Read Romans 6:16. What point is Paul making? Why is his argument very black and white here? It is either one or the other, with no middle ground. What lesson should we draw from this very clear contrast?
Paul comes back to the point again that the new life of faith does not grant liberty to sin. The life of faith makes possible victory over sin; in fact, only through faith can we have the victory that is promised us.
Having personified sin as a king ruling over his subjects, Paul now returns to the figure of sin as a master demanding obedience of his servants. Paul points out that a person has a choice of masters. He can serve sin, which leads to death, or he can serve righteousness, which leads to eternal life. Paul doesn’t leave us any middle ground or room for compromise. It’s one or the other because in the end we face either eternal life or eternal death.
Notice how, interestingly enough, obedience is linked to correct doctrine. The Greek word for “doctrine” here means “teaching.” The Roman Christians had been taught the principles of the Christian faith, which they now obeyed. Thus, for Paul, correct doctrine, correct teaching, when obeyed “from the heart,” assisted in the Romans becoming “servants of righteousness” (Rom. 6:18). We sometimes hear that doctrine does not matter, just as long as we show love. That’s a very simplistic expression of something that’s not so simple. As stated in an earlier lesson, Paul was very concerned about the false doctrine to which the Galatian church had succumbed. Thus, we need to be careful about statements that somehow denigrate the importance of correct teaching.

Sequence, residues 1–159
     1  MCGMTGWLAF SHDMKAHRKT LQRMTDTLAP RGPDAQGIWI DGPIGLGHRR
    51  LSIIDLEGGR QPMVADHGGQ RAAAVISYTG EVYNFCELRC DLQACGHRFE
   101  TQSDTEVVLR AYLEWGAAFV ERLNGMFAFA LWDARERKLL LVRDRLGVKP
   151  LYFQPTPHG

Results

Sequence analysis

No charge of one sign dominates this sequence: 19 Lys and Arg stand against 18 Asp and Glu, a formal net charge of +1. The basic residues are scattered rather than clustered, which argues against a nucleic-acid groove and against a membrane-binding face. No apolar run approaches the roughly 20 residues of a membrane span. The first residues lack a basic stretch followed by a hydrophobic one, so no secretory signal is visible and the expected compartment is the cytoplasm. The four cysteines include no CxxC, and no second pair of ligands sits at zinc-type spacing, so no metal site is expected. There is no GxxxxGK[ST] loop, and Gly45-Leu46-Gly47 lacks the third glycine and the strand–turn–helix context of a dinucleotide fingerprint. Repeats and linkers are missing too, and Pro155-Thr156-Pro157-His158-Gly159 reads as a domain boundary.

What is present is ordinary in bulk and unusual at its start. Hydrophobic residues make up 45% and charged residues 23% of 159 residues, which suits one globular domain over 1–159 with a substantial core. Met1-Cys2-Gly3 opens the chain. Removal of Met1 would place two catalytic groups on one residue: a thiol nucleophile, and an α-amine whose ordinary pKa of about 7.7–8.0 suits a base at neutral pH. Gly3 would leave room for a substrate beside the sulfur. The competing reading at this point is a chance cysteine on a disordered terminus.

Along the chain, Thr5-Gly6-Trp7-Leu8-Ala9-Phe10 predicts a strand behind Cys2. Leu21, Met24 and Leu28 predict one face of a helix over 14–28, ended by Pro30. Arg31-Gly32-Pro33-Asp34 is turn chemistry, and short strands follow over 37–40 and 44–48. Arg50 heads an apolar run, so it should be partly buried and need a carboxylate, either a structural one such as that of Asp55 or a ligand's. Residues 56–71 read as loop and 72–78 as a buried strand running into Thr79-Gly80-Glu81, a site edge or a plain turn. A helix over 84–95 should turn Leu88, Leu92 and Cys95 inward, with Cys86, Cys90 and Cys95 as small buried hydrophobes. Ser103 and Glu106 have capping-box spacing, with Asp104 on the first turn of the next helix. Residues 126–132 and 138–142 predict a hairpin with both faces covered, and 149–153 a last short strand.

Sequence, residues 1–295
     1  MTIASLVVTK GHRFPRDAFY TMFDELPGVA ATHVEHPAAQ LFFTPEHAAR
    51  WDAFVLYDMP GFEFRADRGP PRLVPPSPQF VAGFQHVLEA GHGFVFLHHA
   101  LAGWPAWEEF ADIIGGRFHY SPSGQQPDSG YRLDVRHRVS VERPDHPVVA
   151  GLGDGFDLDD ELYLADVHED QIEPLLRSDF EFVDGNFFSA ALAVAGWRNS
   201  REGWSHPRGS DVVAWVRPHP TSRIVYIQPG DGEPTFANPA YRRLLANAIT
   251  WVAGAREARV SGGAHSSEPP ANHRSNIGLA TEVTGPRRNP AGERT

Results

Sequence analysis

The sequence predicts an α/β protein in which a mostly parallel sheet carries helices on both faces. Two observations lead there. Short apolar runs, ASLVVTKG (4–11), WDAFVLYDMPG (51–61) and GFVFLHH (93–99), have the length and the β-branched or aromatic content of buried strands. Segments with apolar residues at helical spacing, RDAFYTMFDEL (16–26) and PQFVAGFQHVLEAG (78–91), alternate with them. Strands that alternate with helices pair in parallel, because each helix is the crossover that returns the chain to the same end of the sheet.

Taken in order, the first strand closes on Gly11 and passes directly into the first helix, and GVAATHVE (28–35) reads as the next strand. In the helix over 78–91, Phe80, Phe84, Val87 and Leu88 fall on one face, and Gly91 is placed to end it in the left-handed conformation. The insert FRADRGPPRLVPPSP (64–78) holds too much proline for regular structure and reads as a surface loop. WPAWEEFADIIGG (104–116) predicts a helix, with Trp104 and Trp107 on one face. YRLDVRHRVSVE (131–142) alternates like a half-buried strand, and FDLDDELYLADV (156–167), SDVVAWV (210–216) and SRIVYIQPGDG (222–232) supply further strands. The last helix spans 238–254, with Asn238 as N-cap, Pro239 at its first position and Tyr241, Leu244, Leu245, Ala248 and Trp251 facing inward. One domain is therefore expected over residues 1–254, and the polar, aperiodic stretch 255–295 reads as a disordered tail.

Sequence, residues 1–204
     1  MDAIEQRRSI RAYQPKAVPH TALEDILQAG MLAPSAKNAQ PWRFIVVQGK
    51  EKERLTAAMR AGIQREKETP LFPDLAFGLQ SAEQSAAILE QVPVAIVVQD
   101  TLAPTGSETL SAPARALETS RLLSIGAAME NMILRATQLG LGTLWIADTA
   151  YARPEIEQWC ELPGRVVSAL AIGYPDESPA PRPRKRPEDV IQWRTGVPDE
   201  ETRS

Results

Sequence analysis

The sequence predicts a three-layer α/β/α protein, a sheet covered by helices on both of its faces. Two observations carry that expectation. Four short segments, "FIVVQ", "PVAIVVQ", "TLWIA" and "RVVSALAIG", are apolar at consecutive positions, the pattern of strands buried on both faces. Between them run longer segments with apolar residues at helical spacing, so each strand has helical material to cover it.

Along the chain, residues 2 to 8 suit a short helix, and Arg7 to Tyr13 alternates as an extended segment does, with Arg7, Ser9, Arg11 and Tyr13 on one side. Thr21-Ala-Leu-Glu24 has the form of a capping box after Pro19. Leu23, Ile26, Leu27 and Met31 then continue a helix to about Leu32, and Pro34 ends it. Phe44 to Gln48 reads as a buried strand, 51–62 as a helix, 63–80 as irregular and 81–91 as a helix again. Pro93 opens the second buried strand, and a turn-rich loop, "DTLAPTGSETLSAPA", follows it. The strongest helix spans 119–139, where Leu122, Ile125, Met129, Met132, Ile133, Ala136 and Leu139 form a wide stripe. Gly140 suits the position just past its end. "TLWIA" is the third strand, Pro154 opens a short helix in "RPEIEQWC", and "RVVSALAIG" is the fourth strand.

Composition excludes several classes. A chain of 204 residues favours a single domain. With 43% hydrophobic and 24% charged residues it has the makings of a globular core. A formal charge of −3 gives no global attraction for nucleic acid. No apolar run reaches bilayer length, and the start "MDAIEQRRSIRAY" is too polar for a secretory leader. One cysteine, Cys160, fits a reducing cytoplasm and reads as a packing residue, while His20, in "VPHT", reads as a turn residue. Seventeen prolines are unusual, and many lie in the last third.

|Servants of sin, servants of righteousness: the contrast is very stark. If after baptism we sin, does this mean that we are not truly saved? Read 1 John 1:8-2:1. How does this passage help us to understand what it means to be a follower of Christ and yet still be subject to falling?|
Source: Daily Sabbath School Lessons